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A Race to Make the World's Best Cookies

A Race to Make the World's Best Cookies

Chocolate cookies from Michel et Augustin - the French cookie makers intent on having lots of fun on their mission to make the world's best cookies

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From door-to-door salesmen of their own cookies to gourmet bakery and dairy extraordinaires in France and abroad: such is the dizzying ride of Michel de Rovira and Augustin Paluel-Marmont, two young Frenchmen with a passion for food and a dream come true in their hands. 

Their Michel et Augustin brand has quickly earned a cult following, owing to an approach that combines a fixation for tasty food with a feel-good attitude towards work – and life. «Our philosophy is simple», explains Michel. «If it’s not fun, why do it? We wanted to make the best cookies with natural ingredients only – and have lots of fun in the process». 

They seem to have managed just that. Their marketing campaign is based on “stunts” which you’d think is just what Michel and Augustin did for kicks when they were in college. Their workplace is called La Bananeraie (the banana plantation) and true to its name, it hosts banana trees, both real and otherwise, on its premises. But this all came later.

«We began by making our biscuits in a bakery that we borrowed during off hours», recalls Michel. «The baker would leave the keys at the café next door; we’d work through the night and sell the cookies in the Montmartre area the next day. We just knocked on the door at cafés, video stores, pop-and-mom shops». 

They soon had to look for ways to increase the output and rented an out-of-town facility during the weekends. «Bake during the weekend or overnight, be your own salesman during the day: not much of a personal life», smiles Michel. «But it helped to understand what really makes the difference in quality and taste». 

Today, Michel et Augustin has expanded into dairy products and savoury snacks and is distributed in small, high-end supermarkets in the US, Japan and Russia. «We still strictly adhere to our cupboard cooking philosophy: a fundamental concept which is somewhat new to the food industry. It means rejecting any industrial ingredients, using only things that you may find in your own cupboard or buy in a retail shop. We want people to understand exactly what’s in our biscuits».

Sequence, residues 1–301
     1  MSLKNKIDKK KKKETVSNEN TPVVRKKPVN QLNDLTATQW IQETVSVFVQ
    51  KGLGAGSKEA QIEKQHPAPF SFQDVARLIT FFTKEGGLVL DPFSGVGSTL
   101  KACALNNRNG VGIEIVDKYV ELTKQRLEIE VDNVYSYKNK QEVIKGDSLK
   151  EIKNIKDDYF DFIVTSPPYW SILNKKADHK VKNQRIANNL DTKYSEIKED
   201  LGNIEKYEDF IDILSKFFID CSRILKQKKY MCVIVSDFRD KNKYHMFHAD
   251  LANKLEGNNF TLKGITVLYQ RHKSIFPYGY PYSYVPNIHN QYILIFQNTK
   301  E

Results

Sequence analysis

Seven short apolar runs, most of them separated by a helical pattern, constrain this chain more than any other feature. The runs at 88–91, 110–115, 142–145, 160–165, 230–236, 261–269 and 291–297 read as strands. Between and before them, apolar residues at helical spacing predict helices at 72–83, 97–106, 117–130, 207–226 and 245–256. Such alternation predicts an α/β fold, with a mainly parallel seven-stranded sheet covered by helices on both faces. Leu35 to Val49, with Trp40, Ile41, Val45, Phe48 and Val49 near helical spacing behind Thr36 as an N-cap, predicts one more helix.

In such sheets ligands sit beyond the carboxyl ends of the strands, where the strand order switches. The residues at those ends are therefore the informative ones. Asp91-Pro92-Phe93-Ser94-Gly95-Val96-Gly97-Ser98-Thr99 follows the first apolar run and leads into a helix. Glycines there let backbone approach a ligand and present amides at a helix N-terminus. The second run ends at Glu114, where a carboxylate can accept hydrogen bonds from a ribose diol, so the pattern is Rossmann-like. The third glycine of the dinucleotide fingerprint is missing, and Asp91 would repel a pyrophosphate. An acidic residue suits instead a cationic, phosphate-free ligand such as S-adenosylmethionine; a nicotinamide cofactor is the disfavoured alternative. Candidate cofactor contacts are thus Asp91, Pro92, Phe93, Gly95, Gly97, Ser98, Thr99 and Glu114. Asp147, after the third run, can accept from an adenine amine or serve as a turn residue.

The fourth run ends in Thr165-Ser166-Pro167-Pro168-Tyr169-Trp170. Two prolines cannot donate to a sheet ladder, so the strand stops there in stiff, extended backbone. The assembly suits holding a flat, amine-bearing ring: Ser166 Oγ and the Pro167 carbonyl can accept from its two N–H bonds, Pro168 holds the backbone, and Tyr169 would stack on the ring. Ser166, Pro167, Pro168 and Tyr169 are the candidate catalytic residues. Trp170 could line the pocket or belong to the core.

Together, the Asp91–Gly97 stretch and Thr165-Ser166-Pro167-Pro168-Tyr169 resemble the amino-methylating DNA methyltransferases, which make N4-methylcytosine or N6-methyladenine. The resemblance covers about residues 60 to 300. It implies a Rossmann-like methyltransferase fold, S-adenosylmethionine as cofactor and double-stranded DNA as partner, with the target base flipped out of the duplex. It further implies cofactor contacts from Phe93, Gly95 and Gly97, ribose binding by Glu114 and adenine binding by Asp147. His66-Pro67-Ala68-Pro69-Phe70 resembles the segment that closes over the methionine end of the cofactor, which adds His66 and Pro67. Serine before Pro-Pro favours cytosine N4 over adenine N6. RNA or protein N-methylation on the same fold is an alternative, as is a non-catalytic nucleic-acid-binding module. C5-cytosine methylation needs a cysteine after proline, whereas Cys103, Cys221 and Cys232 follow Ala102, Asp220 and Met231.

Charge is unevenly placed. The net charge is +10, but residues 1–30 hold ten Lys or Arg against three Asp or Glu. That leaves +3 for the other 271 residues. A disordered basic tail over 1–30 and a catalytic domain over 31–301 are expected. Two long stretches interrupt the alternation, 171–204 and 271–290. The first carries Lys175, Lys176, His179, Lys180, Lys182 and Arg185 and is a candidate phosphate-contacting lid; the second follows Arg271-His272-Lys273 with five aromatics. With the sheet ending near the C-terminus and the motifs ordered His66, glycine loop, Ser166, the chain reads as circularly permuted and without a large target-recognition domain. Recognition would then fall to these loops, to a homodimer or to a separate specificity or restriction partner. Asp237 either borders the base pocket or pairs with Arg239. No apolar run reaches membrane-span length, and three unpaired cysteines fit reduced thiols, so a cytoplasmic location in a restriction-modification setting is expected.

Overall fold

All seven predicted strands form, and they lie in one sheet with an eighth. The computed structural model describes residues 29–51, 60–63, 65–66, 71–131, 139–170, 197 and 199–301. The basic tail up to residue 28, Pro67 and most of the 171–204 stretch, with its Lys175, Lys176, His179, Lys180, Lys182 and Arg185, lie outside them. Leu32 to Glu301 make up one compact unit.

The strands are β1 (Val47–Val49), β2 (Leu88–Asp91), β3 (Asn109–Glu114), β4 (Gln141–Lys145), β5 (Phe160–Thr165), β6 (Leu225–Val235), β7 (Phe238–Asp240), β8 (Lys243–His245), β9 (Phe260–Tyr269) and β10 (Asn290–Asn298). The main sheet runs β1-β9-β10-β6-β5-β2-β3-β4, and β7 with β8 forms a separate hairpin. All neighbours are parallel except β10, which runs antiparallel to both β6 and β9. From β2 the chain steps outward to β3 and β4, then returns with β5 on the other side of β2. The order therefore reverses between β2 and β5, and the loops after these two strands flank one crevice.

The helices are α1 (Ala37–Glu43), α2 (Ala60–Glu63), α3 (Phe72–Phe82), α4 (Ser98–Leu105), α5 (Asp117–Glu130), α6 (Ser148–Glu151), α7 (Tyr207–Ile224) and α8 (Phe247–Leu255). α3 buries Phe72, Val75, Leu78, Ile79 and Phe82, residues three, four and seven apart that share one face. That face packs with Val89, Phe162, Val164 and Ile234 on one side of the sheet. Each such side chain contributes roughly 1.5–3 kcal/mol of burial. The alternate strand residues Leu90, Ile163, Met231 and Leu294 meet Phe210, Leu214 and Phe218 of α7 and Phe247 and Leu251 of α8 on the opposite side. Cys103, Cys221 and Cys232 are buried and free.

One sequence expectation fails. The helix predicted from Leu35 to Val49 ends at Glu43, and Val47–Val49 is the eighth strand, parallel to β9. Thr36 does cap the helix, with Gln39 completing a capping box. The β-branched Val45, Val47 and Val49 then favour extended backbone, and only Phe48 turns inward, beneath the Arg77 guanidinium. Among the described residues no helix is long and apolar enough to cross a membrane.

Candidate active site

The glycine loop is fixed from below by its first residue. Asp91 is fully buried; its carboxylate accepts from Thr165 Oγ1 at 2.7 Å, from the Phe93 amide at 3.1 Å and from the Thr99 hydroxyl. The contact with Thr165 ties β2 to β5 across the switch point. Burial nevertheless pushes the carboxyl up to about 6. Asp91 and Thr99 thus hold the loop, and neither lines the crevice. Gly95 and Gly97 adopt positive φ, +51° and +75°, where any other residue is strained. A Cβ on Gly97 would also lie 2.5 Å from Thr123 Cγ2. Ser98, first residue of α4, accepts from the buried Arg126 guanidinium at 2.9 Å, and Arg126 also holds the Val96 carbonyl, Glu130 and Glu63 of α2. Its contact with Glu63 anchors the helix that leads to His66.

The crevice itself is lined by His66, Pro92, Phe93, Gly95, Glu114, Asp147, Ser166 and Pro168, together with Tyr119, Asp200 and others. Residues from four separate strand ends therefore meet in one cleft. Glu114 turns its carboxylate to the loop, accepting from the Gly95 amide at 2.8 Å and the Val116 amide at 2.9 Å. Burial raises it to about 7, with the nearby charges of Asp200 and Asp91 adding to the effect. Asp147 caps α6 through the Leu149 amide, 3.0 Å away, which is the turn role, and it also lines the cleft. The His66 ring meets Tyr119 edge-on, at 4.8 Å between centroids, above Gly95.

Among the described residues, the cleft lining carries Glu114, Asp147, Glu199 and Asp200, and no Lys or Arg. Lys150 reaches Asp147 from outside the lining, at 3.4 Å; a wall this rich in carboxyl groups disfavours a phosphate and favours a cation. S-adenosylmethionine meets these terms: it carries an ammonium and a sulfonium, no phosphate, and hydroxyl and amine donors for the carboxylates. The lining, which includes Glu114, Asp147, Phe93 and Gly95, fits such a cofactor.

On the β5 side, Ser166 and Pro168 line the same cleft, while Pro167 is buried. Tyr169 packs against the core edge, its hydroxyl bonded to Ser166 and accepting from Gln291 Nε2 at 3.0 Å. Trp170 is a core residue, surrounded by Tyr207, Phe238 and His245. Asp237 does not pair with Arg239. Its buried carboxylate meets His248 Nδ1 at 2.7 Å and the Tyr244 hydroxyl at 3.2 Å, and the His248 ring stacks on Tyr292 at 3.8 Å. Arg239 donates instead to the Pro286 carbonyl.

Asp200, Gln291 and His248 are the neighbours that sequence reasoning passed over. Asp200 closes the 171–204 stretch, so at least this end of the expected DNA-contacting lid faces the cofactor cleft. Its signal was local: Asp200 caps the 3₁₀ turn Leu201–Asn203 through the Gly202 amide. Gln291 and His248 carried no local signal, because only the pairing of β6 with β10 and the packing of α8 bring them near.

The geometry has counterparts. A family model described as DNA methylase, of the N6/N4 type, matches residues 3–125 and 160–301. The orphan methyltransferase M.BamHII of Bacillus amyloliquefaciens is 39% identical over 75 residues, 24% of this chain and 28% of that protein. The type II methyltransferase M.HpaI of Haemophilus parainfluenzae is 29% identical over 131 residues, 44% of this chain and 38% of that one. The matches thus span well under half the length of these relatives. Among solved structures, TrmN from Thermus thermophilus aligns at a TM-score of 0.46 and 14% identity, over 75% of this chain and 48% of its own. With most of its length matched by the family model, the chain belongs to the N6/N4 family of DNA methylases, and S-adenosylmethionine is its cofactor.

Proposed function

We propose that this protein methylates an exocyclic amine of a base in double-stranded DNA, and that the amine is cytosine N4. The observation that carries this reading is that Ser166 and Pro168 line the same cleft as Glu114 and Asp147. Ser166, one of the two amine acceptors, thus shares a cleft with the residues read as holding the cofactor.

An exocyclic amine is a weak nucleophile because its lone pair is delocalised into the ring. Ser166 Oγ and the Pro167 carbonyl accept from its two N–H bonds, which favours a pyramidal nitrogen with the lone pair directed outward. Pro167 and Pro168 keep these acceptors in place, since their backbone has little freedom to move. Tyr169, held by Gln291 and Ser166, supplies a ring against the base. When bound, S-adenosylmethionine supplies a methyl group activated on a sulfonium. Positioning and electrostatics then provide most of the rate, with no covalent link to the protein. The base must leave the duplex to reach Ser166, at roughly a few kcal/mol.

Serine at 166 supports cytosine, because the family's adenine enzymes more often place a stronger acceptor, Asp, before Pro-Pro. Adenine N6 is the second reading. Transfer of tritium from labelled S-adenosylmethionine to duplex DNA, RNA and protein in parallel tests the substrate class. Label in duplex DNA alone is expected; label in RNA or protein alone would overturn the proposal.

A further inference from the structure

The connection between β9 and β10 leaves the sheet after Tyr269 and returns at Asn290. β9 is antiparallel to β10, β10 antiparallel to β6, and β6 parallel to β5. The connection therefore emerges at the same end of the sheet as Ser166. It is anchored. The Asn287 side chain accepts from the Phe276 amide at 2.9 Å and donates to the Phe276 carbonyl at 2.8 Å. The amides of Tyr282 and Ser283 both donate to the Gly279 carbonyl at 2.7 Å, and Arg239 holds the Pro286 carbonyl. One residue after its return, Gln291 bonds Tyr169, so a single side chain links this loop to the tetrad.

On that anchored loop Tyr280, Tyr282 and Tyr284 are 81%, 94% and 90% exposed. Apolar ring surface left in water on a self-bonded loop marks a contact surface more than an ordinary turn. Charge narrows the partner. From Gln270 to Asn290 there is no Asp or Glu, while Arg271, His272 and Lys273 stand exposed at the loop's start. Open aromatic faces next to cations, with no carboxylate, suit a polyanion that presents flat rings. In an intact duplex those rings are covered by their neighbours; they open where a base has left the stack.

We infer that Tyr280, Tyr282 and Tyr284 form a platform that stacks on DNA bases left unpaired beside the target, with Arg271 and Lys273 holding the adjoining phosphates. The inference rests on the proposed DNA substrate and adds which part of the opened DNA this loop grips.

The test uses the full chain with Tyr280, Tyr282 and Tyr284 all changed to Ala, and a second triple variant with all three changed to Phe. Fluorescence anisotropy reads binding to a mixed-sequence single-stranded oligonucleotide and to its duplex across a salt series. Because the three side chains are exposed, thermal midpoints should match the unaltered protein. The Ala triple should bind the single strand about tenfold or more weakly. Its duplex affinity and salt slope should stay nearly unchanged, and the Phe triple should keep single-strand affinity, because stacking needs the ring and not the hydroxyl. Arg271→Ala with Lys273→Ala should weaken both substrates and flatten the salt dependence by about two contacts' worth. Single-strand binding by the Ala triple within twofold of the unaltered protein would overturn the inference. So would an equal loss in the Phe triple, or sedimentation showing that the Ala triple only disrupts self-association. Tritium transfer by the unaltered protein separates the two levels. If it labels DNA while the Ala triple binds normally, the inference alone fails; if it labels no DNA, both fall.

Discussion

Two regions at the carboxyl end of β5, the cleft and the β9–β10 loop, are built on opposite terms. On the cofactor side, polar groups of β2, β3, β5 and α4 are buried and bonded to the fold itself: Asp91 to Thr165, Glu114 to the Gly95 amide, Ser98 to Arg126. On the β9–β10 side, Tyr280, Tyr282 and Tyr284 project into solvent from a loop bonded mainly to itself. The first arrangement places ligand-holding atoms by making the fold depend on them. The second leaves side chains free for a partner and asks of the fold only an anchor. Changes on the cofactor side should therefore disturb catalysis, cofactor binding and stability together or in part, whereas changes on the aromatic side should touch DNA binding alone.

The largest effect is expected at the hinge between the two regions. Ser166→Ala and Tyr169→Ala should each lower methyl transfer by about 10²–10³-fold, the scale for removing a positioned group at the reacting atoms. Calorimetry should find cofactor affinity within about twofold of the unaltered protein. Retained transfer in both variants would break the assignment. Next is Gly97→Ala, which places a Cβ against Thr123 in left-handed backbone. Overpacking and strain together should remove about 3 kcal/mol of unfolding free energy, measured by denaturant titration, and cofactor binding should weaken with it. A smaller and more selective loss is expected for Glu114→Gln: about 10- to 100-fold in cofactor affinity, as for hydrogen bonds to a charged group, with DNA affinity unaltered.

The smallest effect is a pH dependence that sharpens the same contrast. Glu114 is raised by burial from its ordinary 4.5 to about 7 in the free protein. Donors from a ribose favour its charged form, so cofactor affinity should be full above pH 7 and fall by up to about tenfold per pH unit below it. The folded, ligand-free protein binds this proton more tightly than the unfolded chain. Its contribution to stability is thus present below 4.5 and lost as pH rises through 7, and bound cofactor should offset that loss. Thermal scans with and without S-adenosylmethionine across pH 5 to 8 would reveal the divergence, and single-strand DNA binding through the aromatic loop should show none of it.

You can even put them to test, if you want: «People sometimes ask for our recipes on Facebook and sure enough, we are happy to oblige. Our offices are also open to visitors once a week». 

In fact, an open dialogue with consumers is another prominent feature of the Michel et Augustin way of business. And the headcount is still low enough that a photo with every single employee of the company can be displayed on most of their product packages – with captions for names, for crying out loud. 

«We wanted to make products that say ‘hello’ to you, that tell a story. We want to make sure people know that behind that package there are still two friends from high school sharing a passion. The two ‘troublions du goût’ (troublemakers of taste)», chuckles Michel. 

Troublemakers they are indeed, albeit of the harmless variety: you may find them in their underpants in central Paris, sporting spotted cow stickers on their torso, looking like fugitives from an asylum but actually hosting an improvised tasting session in Place de la Madeleine, a few meters away from the temple for food lovers, Fauchon, or amidst a rather amused crowd of commuters in a train station at rush hour. 

Or you may bump into their «giant cow», which they claim is «the world’s biggest» – and with a head that measures 13-metres wide and 6-metres tall, it may very well be. It took 6 months and 85 metres of fabric to make it, but when it towers on the steps of the Sacré Coeur or on the Île St. Louis it looks quite impressive. 

All this makes for effective, viral, low-cost advertising, but there is more to their troublionnades than this, says Michel. «It is part of us. These things are funny, not expensive and don’t require great scientific knowledge: I don’t know why people don’t do it all the time. When we get our Finance and Logistics employees involved into assembling the giant cow in the main square of Toulouse, it’s great advertising but it’s also great for employees’ morale and fun. I want to do this more and more.» 

But let’s not forget that, despite all the fun and games, that this adventure is really all about taste. And genuine ingredients do not mean mundane or banal flavours: their savoury biscuits include such combinations as pink pepper and thyme or sweet chilli and grilled onion. Their vanilla yogurt might come with rhubarb or green tea. 

«Food is about pleasure», Michel affirms passionately. At Michel et Augustin, as long as the pleasure is there, so is the fun.

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